Scientists discovered a way to shut down a mosquito’s CO2 receptor neurons, making it more difficult for the insects to detect human scents.
New research points to a new chemical that disables the part of the insect’s brain that is sensitive to human scent, making us invisible to these blood suckers. Of the three main ways that mosquitos sense their targets, scientists decided to focus on the strongest mosquito attractant, carbon dioxide.
A mosquito’s sensitivity to CO2 allows it to detect the person from a distance of up to 30 meters. The scientists at the University of California, Riverside located a class of olfactory sensory neurons called cpA and found that they could overstimulate the neurons to the point where mosquitos can’t detect any CO2.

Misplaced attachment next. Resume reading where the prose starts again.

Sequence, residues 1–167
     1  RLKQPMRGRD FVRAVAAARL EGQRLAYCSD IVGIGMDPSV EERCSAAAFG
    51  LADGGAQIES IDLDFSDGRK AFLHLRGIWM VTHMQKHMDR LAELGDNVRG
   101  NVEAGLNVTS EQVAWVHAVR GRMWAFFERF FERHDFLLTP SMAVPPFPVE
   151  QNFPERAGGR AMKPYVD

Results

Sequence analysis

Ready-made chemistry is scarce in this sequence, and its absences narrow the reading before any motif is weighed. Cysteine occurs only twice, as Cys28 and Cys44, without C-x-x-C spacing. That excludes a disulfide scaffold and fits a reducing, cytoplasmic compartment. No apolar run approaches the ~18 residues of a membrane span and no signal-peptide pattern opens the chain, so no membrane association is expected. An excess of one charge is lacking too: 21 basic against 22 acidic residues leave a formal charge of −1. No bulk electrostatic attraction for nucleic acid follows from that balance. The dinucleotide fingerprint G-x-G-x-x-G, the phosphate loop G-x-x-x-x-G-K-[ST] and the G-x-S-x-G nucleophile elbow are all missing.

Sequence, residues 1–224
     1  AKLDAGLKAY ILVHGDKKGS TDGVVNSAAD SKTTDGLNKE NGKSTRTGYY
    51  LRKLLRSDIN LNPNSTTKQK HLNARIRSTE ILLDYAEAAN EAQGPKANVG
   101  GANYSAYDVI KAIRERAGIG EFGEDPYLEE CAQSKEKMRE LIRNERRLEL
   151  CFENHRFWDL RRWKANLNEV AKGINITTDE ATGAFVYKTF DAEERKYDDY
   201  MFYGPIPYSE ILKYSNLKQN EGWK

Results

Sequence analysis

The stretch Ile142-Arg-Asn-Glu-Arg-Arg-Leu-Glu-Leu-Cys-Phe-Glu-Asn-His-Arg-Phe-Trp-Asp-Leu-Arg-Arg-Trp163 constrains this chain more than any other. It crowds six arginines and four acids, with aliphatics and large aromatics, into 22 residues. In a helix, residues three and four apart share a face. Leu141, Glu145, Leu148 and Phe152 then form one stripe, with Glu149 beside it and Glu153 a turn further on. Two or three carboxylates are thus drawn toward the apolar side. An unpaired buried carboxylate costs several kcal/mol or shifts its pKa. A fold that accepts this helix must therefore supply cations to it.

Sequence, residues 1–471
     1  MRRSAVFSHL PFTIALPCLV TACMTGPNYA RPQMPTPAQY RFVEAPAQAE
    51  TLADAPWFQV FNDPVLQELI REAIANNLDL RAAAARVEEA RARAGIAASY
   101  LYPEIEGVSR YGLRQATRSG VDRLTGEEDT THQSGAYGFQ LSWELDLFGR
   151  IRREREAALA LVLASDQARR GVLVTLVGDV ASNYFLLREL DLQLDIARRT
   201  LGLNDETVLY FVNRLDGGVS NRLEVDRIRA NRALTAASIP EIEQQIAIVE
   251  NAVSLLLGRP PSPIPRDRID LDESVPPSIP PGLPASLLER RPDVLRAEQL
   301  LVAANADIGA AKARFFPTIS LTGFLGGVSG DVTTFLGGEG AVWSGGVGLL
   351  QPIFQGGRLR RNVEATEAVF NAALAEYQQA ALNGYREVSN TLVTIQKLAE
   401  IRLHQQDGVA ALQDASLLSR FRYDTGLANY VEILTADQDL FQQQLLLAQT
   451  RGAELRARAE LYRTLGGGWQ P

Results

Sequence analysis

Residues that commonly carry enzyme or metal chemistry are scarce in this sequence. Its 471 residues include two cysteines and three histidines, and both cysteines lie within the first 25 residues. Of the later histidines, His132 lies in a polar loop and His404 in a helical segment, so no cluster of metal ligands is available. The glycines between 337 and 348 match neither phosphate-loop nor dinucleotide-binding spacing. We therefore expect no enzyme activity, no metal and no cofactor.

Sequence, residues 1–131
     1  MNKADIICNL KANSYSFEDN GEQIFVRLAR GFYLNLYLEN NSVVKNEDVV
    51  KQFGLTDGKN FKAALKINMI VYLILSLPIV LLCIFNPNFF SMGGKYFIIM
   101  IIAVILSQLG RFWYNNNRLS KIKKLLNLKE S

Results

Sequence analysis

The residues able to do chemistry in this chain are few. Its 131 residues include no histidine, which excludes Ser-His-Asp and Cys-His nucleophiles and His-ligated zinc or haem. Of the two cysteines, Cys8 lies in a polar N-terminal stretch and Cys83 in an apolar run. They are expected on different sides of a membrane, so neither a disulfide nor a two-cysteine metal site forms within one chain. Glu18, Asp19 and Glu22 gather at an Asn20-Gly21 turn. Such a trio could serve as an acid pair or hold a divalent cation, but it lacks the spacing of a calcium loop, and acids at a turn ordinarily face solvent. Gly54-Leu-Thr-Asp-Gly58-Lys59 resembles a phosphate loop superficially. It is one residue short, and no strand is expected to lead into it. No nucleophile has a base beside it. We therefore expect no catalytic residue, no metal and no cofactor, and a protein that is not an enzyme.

To test their theory, the team collected a skin odor blend and introduced the sample to mosquitos. As predicted, the neurons fired up like crazy. With this piece of valuable information, the team then introduced a chemical called butyryl choloride to forcefully shut down the CO2-receptor neurons on the maxillary palps. After treatment, 85 percent of the sampled mosquitos could not locate the bodily scents of a host.
Anandasankar Ray, the head entomologist on the project shared:
Ultimately, we want to apply the full potential of modern neuroscience research and modern neuroscientific approaches to create the next generation of insect manipulators, and utilize that in tackling the spread of deadly diseases.
This discovery is a breakthrough for the future of bug repellants. It could also mean an end to the fight against disease-carrying mosquitos. You can read more about the research here.
Source, image: io9